Speaking at a levelling up conference in Manchester on Thursday, Lord Heseltine opened his speech with a “mea culpa” for his role in axing metropolitan authorities as a Minister for Margaret Thatcher.
In 1986, six metropolitan county councils in South Yorkshire, West Yorkshire, Greater Manchester, Merseyside, Tyne and Wear, and the West Midlands were abolished, along with the Greater London Council following a series of high-profile disputes between the Conservative Government and the left-wing authorities.
Lord Heseltine said that speaking at a conference in one of the places where a metropolitan authority was axed gave him an opportunity to offer a mea culpa for “perhaps one of the bigger mistakes I made”.
“The truth is, I wish I hadn’t done it, because I think we’ve been able to evolve more quickly to the present situation where we had metro authorities which I played a part in bringing back, but it was a mistake to get rid of them.”
In a speech on levelling-up in July, Prime Minister Boris Johnson admitted the reason why the country is more economically imbalance and centralised than other European nations is because the Conservatives “relentlessly crushed local leadership” during the 1980s.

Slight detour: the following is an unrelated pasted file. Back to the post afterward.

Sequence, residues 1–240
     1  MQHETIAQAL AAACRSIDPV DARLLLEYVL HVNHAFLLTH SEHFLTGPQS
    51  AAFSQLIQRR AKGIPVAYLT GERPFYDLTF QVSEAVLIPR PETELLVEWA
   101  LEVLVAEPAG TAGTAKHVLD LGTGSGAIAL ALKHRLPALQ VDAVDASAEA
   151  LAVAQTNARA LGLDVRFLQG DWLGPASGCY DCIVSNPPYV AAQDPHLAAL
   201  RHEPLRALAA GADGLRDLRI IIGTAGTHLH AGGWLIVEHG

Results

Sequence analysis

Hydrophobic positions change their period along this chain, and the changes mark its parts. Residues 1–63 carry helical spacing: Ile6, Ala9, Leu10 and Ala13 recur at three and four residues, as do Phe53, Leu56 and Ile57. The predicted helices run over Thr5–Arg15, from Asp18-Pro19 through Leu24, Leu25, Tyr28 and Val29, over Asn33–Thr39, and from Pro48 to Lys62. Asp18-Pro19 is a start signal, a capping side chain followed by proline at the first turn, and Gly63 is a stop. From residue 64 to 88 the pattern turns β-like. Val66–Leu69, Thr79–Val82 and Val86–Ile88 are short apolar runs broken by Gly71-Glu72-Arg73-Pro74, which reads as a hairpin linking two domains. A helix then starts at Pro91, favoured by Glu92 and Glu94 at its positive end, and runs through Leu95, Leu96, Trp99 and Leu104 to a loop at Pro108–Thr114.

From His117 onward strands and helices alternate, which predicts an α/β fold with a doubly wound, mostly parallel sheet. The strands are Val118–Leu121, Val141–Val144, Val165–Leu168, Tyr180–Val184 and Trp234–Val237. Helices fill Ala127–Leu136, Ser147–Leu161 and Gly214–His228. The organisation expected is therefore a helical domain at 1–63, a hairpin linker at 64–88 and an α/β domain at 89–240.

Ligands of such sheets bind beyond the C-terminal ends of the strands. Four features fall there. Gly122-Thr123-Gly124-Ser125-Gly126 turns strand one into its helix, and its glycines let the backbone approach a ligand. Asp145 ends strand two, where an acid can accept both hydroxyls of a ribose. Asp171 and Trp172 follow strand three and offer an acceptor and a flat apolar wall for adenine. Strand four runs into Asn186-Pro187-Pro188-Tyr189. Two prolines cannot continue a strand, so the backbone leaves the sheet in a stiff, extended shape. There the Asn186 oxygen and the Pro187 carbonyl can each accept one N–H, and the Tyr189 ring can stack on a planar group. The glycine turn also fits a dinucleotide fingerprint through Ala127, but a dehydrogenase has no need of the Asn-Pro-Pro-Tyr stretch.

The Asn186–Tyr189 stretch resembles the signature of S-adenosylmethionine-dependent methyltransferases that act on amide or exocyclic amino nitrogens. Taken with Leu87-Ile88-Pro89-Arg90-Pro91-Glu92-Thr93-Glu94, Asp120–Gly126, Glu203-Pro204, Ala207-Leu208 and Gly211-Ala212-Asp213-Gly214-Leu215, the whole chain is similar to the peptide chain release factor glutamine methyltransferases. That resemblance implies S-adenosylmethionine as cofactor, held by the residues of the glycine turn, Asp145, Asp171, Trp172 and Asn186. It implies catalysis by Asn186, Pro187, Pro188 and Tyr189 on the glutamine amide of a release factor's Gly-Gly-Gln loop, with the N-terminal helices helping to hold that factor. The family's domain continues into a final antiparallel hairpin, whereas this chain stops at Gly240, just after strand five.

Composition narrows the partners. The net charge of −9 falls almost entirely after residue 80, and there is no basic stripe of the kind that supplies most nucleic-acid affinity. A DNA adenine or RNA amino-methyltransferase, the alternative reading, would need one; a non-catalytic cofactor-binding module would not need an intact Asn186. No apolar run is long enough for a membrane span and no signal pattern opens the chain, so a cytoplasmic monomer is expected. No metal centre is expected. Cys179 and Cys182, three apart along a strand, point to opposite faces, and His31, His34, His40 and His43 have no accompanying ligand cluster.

The Prime Minister said: “We must be honest about why this was necessary, it was because we were in the grip of a real ideological conflict in which irresponsible municipal socialist governments were bankrupting cities and were so genuinely hostile to business in such a way that the government was forced to intervene. Now, with some notable exceptions, that argument is now over and most of the big metro mayors know that private sector investment is crucial.”
Lord Heseltine said he agreed with that analysis of why the metropolitan authorities were axed. “It was explicable only as the Prime Minister’s speech indicates because party political divides are so acute at that time, that there really wasn’t any sense in which you could get a sort of consensus as to how one should make progress on the devolution agenda.”
But he added that politicians in Greater Manchester had kept in place many of the same structures, allowing the area to eventually lead the way on regional devolution.
“Although the structure had gone, the practice remained and that’s one of the reasons why Manchester became such a leading figure in the devolution agenda of George Osborne.”
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